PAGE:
Isn't the general point that whomever is appointed ABC and by whatever collective of minds and hearts, the ABC of tomorrow and of the day after tomorrow, will need to be a person who can hold the centre ground, controverted though that centre is, between the centre of English Anglicanism and the centre of Global Anglicanism?

Speaking of evangelical Anglicans, the Winchester College report on Smyth is out - Thinking Anglicans has a note here, with links. This story is painful and few associated with it emerge with credit - essentially it is the whistleblowers whose courage is in credit; most others are in deficit. In this story and in the story of Jonathan Fletcher, Anglican evangelicals have searching questions to ask, not least about the role of authority figures in the movement. (Speaking of Anglican papalism ... any authority figure anywhere in Christianity can become an unchecked power for no good.)

Finally, at lest for this week, Richard Burridge once stayed with us here in Christchurch and one abiding and pleasant memory of that week was his deep commitment to ... golf! But he is now in Anglican news because of his new book on Zoom eucharists, Holy Communion in Contagious Times, with an intro here, by the author himself, published in the latest Church Times. His thesis is straightforward and will be agreeable to many (as reported in another CT article), a Zoom eucharist (i.e. involving a priest and viewers in their own homes with bread and wine before them) is effective and valid. We should all read his book before determining whether he is right or wrong.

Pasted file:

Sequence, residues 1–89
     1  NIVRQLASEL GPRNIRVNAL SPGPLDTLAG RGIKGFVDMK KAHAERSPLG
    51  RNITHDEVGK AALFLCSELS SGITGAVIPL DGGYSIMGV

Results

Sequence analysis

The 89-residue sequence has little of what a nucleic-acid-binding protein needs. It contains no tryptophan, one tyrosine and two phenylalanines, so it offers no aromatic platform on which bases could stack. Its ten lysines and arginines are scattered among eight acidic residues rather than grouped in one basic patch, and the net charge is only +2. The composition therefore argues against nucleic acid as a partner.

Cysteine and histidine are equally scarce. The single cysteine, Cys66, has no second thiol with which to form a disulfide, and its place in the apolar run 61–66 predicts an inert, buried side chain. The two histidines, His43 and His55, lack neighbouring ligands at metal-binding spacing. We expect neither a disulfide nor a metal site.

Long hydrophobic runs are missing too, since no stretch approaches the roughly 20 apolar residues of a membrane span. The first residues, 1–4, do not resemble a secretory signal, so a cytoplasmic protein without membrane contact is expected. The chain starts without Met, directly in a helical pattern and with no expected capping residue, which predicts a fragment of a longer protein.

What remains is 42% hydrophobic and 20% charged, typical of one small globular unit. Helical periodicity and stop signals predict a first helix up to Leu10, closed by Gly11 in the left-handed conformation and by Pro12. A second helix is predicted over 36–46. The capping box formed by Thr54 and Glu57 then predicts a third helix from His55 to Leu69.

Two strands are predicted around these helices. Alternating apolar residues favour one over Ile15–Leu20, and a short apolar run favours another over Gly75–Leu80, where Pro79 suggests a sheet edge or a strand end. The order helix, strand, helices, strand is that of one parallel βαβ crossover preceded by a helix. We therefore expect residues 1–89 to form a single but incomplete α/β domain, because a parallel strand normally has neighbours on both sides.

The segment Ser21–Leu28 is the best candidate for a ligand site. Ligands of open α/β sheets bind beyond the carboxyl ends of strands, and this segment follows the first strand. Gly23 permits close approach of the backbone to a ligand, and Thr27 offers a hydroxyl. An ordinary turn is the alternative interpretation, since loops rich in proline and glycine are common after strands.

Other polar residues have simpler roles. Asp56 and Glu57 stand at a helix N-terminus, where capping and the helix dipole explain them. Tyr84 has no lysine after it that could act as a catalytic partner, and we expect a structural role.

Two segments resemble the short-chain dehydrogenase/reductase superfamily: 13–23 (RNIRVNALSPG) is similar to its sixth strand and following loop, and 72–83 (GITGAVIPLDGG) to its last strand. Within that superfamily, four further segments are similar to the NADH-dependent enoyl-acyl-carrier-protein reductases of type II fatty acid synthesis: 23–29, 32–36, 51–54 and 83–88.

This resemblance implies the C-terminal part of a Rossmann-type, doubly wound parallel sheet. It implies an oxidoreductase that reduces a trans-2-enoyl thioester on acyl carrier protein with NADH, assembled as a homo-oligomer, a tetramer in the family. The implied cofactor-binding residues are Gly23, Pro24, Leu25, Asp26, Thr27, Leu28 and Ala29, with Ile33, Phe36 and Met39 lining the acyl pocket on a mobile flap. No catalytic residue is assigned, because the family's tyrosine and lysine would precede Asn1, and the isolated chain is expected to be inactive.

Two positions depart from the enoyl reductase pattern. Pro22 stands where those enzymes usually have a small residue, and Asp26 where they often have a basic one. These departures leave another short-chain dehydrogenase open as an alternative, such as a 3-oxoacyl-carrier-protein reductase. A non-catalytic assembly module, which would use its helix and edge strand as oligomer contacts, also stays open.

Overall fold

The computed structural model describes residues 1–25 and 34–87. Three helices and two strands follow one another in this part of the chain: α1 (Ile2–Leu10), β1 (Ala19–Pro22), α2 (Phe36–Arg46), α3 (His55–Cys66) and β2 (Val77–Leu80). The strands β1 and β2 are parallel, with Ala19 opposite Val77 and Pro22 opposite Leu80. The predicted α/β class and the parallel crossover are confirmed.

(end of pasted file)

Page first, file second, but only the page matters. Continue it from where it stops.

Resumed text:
Tuesday, January 18, 2022

2022: A mixed year already?

My 2022 is off to a very good beginning - we had a fabulous family wedding at the weekend (publications of pictures thereof reserved to the happy bride (our daughter) and groom, so none here from me) and currently I am very briefly in Auckland having made an unexpected, challenging but wonderful trip with my son to drive a caravan from Christchurch. (The challenge was in in learning to tow a caravan!)

En route we stayed in Waiouru and - of course - I took a photo of the majestic mountain, Ruapehu, which dwarfs the sky when facing west:


Ruapehu is an active volcano. Its capacity to cover the earth around it with rock and ash is readily observable in the landscape around the mountain, and very noticeable as we drove northwards up the Desert Road.

Our trip (as with all my trips around and through Waiouru through my lifetime) was benign. On this occasion, the sun shone, the rivers flowed crystal clear, and we had a magical lunch time on the shores of Lake Taupo (itself the result of  an unbelievably large volcanic eruption in the distant past).

Not far from our country, a little to the north of us, within the Kingdom of Tonga, an active undersea volcano erupted massively at the weekend, wrecking lives, livelihoods, so far killing two people (that I have seen news of) via the resultant tsunami, and sending a sound wave such distance that not only was the sound of the eruption heard in NZ, it was also heard in Alaska. Details about actual extent of damage this eruption has caused are sketchy - communications between the Kingdom and the outside world have been effected.

It is not the happiest of beginnings for 2022 for the people of Tonga. Much as I count my (and my family’s) blessings at the beginning of 2022 and give thanks to God for them, I must simultaneously ask God, 

What is going on? 

(Not the first time such question has been raised here).

I was going to begin this year’s posts with some vacational ruminations on the state of global Anglicanism (i.e. what is going on ecclesiologically, ecclesiastically but also theologically) but that sounds a little abstract when Christian brothers and sisters in Tonga (some of whom are Anglican) are in trouble and strife. Yet, the same question drives my as yet unposed Anglo-ruminations: 

Dear God, What is going on?

Let’s see what sense we can make of things in 2022 as the year progresses!